Child Friendly Spaces

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Child Friendly Spaces (CFS) are safe spaces set up in emergency settings to help support and protect children. Their objective is to restore a sense of normality and continuity to children whose lives have been disrupted by war, natural disaster, or other emergencies.[1] They provide children with opportunities to develop, play, learn, and strengthen resiliency either after a crisis or during a protracted emergency in a safe, child friendly, and stimulating environment.[2] NGOs or governments design and operate CFS in a participatory manner, often relying on community support. They are a short- to medium-term program response and often operate in tents or temporary structures.[3] CFS are one of the most widely used child protection and psychosocial support interventions in emergencies.[1] One reason for their popularity is that they offer potential for adaptability of activities to diverse contexts, rapid deployment, and low relative costs.[2] Different agencies refer to CFS by different names including Child Centered Spaces (CCS), Safe Spaces, Safe Play Areas, and Child Friendly Spaces/Environments (CFS/E).

CFS give children an opportunity to escape the crowded living conditions they may be subject to during crises. As they are supervised, they also provide parents child-free time that can be necessary for fetching water, earning a living, or other activities. Given that stress levels and incidents of abuse rise during emergencies, providing children with this space and parents with time can mitigate risks.[4] CFC can be adapted to support young children or adolescents, who are often neglected in emergencies.[3]


CFS have been used widely since 1999.[3] They began as a rights-based approach developed by UNICEF to guarantee children’s rights to survival, development, participation and protection, especially at times of crisis or instability. UNICEF launched the first CFC during the Kosovo crisis in Albania in April 1999.[5] Subsequently, CFS were used in the camps for the survivors of a 1999 earthquake in Turkey.[3] They then became a common part of the humanitarian response and have since been used in Angola, Chad, Colombia, Denmark, East Timor, El Salvador, Ethiopia, Finland, Germany, Greece, India, Iran, Iraq, Iran, Jordan, Lebanon, Liberia, Mali, Russia, Occupied Palestinian Territories, Pakistan, Paraguay, Philippines, Serbia, Somalia, Spain, Syria, Tanzania, Turkey, and Uganda, among other countries.[3][6][7][8][9][10][11]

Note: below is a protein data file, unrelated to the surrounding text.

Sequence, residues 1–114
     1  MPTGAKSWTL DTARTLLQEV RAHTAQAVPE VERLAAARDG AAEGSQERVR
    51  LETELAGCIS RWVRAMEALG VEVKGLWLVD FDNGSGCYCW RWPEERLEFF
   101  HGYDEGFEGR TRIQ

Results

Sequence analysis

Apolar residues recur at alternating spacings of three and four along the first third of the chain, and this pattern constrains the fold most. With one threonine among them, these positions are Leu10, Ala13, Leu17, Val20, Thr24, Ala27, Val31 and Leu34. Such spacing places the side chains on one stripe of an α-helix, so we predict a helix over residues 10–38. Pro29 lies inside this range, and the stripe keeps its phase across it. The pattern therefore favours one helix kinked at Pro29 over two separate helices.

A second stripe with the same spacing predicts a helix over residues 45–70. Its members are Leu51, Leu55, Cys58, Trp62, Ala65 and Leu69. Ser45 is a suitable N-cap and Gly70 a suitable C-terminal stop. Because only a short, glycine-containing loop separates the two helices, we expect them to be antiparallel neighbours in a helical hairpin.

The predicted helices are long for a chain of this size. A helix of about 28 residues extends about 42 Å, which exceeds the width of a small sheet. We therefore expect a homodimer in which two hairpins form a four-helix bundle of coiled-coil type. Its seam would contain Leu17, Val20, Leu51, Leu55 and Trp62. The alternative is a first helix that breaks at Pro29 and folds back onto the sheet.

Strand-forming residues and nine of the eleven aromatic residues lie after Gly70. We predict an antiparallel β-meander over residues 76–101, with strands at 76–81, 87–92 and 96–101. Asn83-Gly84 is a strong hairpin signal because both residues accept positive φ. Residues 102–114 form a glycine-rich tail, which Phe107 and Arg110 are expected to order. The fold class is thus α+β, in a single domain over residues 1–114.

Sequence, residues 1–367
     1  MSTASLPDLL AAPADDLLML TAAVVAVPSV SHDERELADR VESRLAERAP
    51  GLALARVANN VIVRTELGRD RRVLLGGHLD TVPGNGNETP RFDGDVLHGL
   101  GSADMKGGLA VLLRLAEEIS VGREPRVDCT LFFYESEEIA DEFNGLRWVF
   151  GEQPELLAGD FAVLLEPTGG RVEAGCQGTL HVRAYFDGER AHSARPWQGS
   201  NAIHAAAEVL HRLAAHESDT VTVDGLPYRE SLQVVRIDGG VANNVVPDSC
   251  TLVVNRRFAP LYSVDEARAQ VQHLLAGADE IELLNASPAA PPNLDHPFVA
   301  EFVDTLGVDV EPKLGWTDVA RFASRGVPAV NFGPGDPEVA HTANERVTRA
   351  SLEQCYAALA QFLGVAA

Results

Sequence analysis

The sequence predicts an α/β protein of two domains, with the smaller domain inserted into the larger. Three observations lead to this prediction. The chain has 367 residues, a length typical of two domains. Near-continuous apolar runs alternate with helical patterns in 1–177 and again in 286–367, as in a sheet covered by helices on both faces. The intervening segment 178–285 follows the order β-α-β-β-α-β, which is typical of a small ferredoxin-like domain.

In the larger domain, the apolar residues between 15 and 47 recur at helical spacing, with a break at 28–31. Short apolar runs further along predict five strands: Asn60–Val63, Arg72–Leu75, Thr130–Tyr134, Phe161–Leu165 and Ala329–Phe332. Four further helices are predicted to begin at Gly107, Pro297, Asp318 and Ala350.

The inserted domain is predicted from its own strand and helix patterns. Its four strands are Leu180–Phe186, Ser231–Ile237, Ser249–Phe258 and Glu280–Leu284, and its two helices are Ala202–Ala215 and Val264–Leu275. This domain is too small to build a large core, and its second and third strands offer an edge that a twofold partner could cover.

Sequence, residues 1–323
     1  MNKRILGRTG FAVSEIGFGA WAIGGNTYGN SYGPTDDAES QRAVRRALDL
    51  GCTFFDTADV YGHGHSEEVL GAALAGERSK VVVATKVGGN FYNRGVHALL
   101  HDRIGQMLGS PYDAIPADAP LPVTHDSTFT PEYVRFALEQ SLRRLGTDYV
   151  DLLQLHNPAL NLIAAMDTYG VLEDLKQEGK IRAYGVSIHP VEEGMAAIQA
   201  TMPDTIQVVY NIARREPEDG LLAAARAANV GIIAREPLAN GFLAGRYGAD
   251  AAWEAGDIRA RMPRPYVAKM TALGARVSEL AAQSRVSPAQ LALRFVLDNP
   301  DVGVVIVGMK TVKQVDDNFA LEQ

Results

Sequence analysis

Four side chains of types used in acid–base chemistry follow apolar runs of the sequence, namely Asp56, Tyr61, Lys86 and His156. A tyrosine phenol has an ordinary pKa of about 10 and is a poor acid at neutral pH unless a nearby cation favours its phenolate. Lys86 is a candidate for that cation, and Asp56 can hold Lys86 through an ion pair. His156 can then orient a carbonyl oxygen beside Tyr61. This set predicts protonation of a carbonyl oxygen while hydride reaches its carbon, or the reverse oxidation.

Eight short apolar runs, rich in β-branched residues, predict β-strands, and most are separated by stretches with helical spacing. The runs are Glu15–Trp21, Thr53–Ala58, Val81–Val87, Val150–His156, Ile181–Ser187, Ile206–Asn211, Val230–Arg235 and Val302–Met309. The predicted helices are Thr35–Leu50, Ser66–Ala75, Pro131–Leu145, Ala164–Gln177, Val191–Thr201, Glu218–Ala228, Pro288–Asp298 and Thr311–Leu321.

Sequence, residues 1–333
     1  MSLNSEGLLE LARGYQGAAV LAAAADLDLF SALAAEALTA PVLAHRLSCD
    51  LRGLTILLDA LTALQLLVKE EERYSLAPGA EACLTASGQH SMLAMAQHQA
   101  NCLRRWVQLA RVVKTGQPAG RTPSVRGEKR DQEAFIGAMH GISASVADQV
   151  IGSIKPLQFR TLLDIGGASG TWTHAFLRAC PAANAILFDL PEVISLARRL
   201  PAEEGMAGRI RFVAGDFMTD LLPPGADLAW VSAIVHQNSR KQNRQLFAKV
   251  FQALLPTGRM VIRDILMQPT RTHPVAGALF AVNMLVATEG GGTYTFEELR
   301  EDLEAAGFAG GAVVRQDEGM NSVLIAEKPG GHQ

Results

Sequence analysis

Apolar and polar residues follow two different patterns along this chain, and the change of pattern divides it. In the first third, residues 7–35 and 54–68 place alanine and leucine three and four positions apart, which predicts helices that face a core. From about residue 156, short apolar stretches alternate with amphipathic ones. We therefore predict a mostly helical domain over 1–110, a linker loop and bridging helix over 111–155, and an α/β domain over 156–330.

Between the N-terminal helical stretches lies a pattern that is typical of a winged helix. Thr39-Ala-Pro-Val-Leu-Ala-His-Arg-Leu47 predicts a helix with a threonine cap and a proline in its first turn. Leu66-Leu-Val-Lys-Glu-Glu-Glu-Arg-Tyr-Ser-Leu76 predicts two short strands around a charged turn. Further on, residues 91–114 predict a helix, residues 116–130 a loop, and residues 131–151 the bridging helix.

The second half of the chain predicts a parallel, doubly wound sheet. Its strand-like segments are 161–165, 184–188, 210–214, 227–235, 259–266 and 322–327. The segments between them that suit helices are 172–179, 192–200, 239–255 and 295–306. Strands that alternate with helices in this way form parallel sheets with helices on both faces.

CFC are integrated programs that provide children with access to a range of services or activities that may vary by context. These include structured recreational opportunities, play groups, peer support services, and remedial classes.[12] Some programs involve religious and spiritual activities.[3]


World Vision and Columbia University, along with Save the Children, UNICEF and others, engaged in a three-year collaborative project to document the outcomes and impacts of CFS.[10] They found that CFS can benefit children, but the extent of their impact varies widely. In many contexts, CFS provide a foundation for positive impact on children’s lives, but their impact is small. They also found that younger children tended to attend the CFS more and show greater impact. There have not been longitudinal studies to evaluate the long-term effects of CFS interventions on children.[10]


  1. ^ a b World Vision International (2015). "Evaluation of Child Friendly Spaces: Tools and guidance for monitoring and evaluating CFS" (PDF). Retrieved September 27, 2017.
  2. ^ a b World Vision (August 2012). "Child Friendly Spaces: A Structured Review of the Current Evidence-Base" (PDF). Retrieved September 27, 2017.
  3. ^ a b c d e f UNICEF. "A Practical Guide for Developing Child Friendly Spaces" (PDF). Retrieved September 27, 2017.
  4. ^ "In troubled countries, 'child-friendly spaces' offer some relief". PBS NewsHour. Retrieved 2017-09-30.
  5. ^ UNICEF (2004). "Child Friendly Spaces/Environments (CFS/E): An Integrated Services Response For Emergencies and Their Aftermath" (PDF). Retrieved September 29, 2017.
  6. ^ "Providing child-friendly spaces for Syrian refugee children in Turkey - Caritas". Caritas. 2014-03-04. Retrieved 2017-09-30.
  7. ^ "Save the Children - Children on the Move in Europe". Exposure. Retrieved 2017-09-30.
  8. ^ "Child friendly spaces: Provding protection and education in Mali". Plan International. Retrieved 2017-09-30.
  9. ^ "Child-friendly spaces for Burundian Refugees in Tanzania - Protection Civile et Operations d'Aide Humanitaire Européennes - European Commission". Protection Civile et Operations d'Aide Humanitaire Européennes (in French). Retrieved 2017-09-30.
  10. ^ a b c World Vision International (2015). "Evaluation of Child Friendly Spaces: An inter-agency series of impact evaluations in humanitarian emergencies" (PDF). Retrieved September 29, 2017.
  11. ^ "Child-Friendly Spaces for Children Affected by Floods". Plan International. Retrieved 2017-09-30.
  12. ^ "Emergency Relief: Child friendly spaces". (in Portuguese). Retrieved 2017-09-30.
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